Clans and Clubs: From Wu-Tang to Smoker’s, Respectively

React-Presents_The-Smokers-Club-Tour

The concert on October 20th at Club Soda represented more than just a hip-hop show, it represented the unification of two collectives and their loyal fan-bases.

The first block consisted of several members from the Smoker’s Club, including Curren$y, Smoke DZA, Fiend, Corner Boy P, and a surprise appearance by Trademark da Skydiver and Young Roddy (maybe in order to make up for the last-minute cancellation of Big K.R.I.T.). If several of those names, or God-forbid all of them, mean nothing to you, then you probably don’t smoke weed multiple times a day.

Naturally, with the thousands of flyers handed out and later converted into joint filters, the stoners of Montreal wandered their way over to Club Soda to pay the “reasonable” cover charge of $65 (edit: the dealers of Montreal).

But amidst all the permanently-red eyed Smoker’s Club fans, a larger crowd came in droves, adorned with flat-billed caps, chain necklaces, and Wu-Tang long-tees. Yes, the second half of the show was dedicated to the uncompromised star of How High, the Wackness, Soul Plane, and Garden State: Method Man.

Meth took the stage after a surprisingly impressive set by Curren$y, who I caught on the last rendition of the tour when I was in Seattle (and due to the Smoker’s Club’s overall laziness, sloppiness, and inability to organize, I left fairly underwhelmed). This time around, every aspect of his performance was improved. They even managed to turn Curren$y’s broken leg (which left him in crutches) into a bonus, as he sat on an extra-wide couch with four random girls, alongside other members of the Club popping in and out to take a hit off of the many blunts in circulation.

After Curren$y hobbled off the stage, a long intermission of roadies setting up a single DJ board ensued. Then, as they draped the table with a cloth featuring Wu-Tang’s infamous logo, the crowd began their chants.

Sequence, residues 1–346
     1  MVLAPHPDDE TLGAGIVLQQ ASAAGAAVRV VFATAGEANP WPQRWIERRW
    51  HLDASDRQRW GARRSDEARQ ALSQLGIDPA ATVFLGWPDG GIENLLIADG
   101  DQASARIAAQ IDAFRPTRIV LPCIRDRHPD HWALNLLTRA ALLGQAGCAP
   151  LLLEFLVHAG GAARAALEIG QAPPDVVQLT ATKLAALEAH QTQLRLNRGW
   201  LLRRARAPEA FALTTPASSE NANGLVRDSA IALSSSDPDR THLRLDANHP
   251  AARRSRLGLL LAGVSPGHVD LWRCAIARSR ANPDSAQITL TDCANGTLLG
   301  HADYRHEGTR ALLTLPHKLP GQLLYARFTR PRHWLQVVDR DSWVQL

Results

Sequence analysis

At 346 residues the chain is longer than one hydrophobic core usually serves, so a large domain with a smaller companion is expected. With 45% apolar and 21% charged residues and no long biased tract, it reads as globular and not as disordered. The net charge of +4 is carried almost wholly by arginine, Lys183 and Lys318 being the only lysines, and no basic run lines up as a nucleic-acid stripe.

Out came Method Man and he brought a level of energy far exceeding my expectations. From Wu-Tang classics to Meth’s solo stoner work to an O.D.B. tribute in a crowd sing-a-long of Shimmy Shimmy Ya, the show maintained a constant stream of engagement, with the exception of an awkward moment before C.R.E.A.M. when he asked the crowd to “wave their dollar bills”… only to be told by a stagehand that he had crossed the border into a land which lacked George Washingtons.

As he shook hands, acknowledged the crowd, and eventually walked off the stage to a sea of crossed-thumbs in approval, I took a moment to reflect on how his crowds had changed over the years. Actually, Method Man summed it up himself halfway through the set when he addressed the audience, stating, “All the brothers and sisters in here say, ya know, Meth, there’s a lot of white people here. And I say you’re goddamn right there are a lot of white people here! White people love hip-hop too.”

Well, besides for the shift in racial demographic, he forgot to mention the most noticeable shift of the last twenty years: ticket price. But I guess that’s just the way it goes to catch the legends in concert—or you can always get a press pass…

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